Nepal | June 16, 2019

Compromising independence of judiciary can fail democracy: CJ

Himalayan News Service

KATHMANDU, July 23

Chief Justice Kalyan Shrestha on Thursday said that if independence of judiciary was compromised in the new constitution, it would be conspiracy against democracy.

Addressing an interaction organised by Appellate Court Bar Association, Patan, Shrestha said a weak judiciary would not be able to uphold citizens’ fundamental rights. “In the draft constitution, there are almost 30 fundamental rights and some are inherent rights. A week judiciary cannot protect all these rights,” he added.

CJ Shrestha said financial and administrative autonomy was necessary to ensure independence of judiciary. “But we do not have financial autonomy. Nor do we have the powers to frame our own regulations,” Shrestha said.

He said the judiciary should not be undermined and even if somebody had any grudges against a verdict, the remedy should be sought from the judiciary and not outside it.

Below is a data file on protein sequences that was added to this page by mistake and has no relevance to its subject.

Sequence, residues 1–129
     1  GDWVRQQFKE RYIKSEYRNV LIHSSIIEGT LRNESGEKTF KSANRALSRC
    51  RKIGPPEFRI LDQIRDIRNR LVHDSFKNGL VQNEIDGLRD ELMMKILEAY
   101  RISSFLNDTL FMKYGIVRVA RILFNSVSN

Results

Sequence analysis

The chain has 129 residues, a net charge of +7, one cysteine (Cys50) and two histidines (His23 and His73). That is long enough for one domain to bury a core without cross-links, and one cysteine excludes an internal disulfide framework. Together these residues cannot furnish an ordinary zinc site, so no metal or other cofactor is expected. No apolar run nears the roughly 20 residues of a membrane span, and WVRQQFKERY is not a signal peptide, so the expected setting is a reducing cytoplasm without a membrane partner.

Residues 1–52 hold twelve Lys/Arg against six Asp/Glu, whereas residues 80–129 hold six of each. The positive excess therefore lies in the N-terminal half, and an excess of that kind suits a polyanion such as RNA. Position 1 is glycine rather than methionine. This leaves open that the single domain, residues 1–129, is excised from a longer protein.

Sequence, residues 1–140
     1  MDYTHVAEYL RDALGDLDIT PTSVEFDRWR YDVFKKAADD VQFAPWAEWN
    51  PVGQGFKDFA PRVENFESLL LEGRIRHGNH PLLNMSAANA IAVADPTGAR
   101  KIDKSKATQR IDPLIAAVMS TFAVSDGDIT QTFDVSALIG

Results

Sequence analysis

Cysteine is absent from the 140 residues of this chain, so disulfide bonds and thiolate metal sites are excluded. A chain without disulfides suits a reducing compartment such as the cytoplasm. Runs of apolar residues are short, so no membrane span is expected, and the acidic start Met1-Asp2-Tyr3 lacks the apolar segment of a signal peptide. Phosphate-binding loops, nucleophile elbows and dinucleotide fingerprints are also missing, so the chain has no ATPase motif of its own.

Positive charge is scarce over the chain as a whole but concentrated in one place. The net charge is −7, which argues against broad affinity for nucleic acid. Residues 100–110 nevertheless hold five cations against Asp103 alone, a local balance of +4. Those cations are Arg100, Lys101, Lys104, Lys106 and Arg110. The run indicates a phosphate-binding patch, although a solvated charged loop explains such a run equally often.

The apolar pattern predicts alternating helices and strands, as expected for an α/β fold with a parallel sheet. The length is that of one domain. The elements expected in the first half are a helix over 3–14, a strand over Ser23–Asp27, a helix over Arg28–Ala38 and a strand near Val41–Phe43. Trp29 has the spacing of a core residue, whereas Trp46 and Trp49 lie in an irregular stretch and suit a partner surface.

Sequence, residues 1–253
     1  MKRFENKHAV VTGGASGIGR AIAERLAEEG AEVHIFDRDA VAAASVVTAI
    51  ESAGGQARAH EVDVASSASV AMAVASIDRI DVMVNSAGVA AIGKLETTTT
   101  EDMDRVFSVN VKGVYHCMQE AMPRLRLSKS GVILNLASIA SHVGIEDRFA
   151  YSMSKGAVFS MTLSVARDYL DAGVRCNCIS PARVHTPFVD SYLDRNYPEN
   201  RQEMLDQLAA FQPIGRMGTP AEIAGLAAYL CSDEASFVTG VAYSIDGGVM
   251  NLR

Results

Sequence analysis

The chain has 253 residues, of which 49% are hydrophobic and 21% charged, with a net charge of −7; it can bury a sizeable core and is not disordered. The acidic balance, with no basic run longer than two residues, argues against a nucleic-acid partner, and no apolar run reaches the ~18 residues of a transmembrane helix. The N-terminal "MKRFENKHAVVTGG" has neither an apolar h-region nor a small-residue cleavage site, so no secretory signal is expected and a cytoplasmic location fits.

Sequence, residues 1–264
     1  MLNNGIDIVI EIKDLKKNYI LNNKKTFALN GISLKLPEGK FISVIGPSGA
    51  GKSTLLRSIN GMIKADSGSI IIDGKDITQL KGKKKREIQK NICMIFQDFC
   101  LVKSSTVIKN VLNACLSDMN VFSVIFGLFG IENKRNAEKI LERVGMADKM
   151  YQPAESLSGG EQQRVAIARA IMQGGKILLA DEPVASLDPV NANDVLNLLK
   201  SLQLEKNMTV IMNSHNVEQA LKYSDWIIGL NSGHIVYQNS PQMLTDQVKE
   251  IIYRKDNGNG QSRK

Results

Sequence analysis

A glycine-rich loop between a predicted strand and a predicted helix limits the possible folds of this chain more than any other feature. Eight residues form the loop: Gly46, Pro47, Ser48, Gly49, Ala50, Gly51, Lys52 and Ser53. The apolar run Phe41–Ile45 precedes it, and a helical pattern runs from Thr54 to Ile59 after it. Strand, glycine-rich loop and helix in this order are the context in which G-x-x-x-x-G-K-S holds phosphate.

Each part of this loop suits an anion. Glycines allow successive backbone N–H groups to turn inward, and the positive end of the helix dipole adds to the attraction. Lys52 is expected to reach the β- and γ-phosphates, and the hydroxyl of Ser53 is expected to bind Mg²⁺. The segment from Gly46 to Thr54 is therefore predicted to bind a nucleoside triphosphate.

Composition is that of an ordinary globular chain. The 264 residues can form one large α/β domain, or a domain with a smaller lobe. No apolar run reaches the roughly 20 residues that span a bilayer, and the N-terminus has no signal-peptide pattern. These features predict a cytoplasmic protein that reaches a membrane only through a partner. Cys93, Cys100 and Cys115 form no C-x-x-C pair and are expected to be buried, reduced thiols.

Justice Sushila Karki said the draft constitution split some sentences of the Interim constitution to show that it was expanding the scope of fundamental rights, but without state’s capacity to fulfill obligations, these rights could not be implemented.

Nepal Bar Association Chair Hari Krishna Karki said draft constitution has proposed to bar people under house arrest from seeking legal counsel, which is wrong.

NBA General Secretary Sunil Kumar Pokharel said financial autonomy, fair appointment of judges, judges accountability and post retirement were all related to independence of judiciary.

“We need to think about Indian model where a candidate is rejected from judgeship if he or she is rejected by two out of six members of the appointment panel,” Pokharel added.

Advocate Govinda Bandi said the draft constitution proposed to keep the judiciary under political supervision which was against the principle of independence of judiciary.


A version of this article appears in print on July 24, 2015 of The Himalayan Times.


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